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CHAPTER 1: SUBSTRUCTURE

1.2 Building foundation: types and


functions
1.2.1 Shallow Foundation

- strip footings , pad footing, raft


foundation.

1.2.2 Deep Pile/Foundation


- spun pile, micro pile, bakau pile, bore pile

and pile cap

1.3 Column stump, ground beam and ground


slab
1

Wind load

Wind load
Dead load

What is Substructure?
FOUNDATION is a part of SUBSTRUCTURE

components
foundation is the lowest portion of the building
structure. Extends from the bearing surface to the
main structure.)
Usually located below the ground level.
A foundation is a part of the structure which is in
direct contact with the ground to which the loads are
transmitted.
Foundations can be located at; below ground, at ground
level, or above ground level.

Shallow Foundation

Deep Foundation

Typical types of foundation

Main functions of the


foundations
To supports the weight of

structure and distribute the


load of the structure over a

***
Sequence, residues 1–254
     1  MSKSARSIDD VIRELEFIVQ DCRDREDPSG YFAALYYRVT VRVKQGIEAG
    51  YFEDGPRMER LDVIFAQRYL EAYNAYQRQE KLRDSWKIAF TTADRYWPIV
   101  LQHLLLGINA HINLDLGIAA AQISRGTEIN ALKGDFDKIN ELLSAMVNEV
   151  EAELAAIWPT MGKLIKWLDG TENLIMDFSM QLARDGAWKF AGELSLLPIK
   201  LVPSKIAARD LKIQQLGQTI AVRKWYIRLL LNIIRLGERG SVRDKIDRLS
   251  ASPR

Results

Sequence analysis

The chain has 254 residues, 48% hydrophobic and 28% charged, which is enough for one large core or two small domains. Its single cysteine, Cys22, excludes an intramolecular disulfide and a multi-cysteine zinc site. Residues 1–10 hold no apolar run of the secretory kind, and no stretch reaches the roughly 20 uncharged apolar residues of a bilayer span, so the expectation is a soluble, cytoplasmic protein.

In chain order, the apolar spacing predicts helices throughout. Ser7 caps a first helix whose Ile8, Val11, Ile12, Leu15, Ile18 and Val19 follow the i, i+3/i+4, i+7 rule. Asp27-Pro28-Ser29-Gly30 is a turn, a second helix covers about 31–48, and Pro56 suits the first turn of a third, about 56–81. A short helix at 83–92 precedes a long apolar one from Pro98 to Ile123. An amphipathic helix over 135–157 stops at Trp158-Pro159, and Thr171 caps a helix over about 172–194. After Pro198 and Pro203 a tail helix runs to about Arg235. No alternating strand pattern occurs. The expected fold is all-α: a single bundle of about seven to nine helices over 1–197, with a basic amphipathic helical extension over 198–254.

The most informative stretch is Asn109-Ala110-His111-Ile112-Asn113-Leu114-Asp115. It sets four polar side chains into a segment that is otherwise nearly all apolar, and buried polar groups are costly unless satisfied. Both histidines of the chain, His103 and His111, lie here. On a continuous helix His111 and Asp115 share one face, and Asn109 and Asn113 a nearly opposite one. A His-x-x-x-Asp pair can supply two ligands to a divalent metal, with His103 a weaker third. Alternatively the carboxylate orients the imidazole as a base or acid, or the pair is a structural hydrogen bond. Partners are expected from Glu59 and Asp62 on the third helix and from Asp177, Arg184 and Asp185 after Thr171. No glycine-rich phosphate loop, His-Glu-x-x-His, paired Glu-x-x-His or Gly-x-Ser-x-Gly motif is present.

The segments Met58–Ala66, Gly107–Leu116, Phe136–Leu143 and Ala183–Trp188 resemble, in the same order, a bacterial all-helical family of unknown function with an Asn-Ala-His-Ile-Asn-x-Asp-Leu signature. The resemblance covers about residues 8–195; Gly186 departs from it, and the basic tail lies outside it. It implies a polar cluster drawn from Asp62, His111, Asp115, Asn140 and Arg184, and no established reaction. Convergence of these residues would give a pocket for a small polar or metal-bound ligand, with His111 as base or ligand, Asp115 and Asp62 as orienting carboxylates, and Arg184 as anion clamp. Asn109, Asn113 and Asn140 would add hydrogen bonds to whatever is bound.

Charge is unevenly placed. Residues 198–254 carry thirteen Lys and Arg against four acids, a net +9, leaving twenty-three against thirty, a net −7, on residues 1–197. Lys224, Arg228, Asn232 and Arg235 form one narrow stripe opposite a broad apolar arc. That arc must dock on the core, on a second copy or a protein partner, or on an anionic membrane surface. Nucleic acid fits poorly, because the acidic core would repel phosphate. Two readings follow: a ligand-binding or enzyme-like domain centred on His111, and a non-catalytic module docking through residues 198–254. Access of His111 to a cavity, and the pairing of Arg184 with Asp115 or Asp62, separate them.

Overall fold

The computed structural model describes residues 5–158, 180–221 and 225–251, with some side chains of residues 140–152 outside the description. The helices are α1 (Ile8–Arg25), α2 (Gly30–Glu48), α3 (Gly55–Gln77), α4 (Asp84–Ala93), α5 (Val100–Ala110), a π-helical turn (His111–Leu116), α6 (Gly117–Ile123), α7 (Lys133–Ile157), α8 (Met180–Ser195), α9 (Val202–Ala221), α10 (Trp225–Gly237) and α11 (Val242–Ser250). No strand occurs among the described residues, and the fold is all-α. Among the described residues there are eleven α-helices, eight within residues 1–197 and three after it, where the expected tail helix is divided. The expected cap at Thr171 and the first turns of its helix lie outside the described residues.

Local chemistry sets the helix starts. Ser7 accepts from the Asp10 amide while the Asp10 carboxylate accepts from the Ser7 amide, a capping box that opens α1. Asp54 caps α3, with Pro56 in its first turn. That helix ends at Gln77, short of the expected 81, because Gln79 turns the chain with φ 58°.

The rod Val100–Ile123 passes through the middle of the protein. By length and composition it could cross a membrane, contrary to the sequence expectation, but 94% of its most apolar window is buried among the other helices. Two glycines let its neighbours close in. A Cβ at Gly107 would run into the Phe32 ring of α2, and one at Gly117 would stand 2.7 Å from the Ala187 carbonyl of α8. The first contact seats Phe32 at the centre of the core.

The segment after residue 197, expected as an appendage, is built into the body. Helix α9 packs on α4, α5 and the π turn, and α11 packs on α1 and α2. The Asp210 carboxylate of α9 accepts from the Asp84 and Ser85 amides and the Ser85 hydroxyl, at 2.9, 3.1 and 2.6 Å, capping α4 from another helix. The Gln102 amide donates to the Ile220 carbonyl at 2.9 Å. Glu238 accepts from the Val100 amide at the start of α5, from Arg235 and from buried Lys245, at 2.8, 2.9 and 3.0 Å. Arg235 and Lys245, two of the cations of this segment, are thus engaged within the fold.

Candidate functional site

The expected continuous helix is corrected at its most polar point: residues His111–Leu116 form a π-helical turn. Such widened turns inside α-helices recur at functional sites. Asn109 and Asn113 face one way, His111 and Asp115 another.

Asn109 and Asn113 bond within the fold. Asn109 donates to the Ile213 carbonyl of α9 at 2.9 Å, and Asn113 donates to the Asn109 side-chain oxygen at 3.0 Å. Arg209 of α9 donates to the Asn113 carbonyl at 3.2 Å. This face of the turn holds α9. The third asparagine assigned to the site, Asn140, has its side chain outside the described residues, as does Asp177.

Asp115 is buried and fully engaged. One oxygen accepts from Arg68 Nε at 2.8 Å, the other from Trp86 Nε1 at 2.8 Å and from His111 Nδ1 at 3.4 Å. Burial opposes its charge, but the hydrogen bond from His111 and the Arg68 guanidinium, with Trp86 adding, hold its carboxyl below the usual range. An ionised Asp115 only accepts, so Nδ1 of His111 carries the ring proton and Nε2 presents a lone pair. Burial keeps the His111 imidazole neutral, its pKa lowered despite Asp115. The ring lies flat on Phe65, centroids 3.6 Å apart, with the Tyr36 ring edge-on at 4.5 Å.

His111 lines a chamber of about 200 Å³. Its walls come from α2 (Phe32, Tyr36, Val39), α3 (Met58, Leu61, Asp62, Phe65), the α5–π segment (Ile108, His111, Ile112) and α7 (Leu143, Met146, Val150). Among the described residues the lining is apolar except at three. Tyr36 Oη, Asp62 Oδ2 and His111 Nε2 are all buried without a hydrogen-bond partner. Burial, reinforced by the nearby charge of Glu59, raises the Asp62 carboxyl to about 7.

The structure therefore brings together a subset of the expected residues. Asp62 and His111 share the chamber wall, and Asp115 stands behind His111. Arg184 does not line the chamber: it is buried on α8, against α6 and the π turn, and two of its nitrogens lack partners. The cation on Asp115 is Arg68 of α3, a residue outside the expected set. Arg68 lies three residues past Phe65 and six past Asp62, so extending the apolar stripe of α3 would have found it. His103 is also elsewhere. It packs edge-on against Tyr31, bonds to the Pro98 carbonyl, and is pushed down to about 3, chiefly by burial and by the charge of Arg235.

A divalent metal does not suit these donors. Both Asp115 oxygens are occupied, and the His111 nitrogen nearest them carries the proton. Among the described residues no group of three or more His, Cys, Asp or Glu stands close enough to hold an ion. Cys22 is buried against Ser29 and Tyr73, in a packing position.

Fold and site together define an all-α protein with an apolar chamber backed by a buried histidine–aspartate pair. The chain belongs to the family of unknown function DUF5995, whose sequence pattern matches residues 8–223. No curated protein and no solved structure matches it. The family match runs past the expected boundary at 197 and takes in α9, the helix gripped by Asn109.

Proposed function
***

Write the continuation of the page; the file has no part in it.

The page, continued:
greater area.
To transmit the load
uniformly under the
structure.
Anchors the structure to the
earth, providing a firm, level
and strong base over which
the superstructure may be
constructed.
8

Main functions of the


foundations
To avoid any settlement or

other movement that can


cause damage to any part of
the building (a stable
foundation should bear the
loads without sinking or
settling more than an inch at
the most).
To increase the stability of the
structure by preventing its
tilting or overturning against
winds, earthquakes and
uneven distribution of live
load (Lateral Stability).
9

Selection Criteria
Loading of the building,

big load need big


foundation such as raft
foundation or piling.
Types of soil such as peat
soil prefer piling or deep
foundation
Most economical but
capable to support
numbers of building or
storey (pad footing or
pilling?)
10

Selection Criteria
The loads that must be transferred from the structure

to the soil strata supporting it. This also should


evaluate the ability of the soil to support the ultimate
loads.
The capability of the structure that will safely
transfer the loads from the superstructure to the
foundation bed.
The possibility and extent of settlement of the soil
due to the presence of mines and quarries in the
vicinity.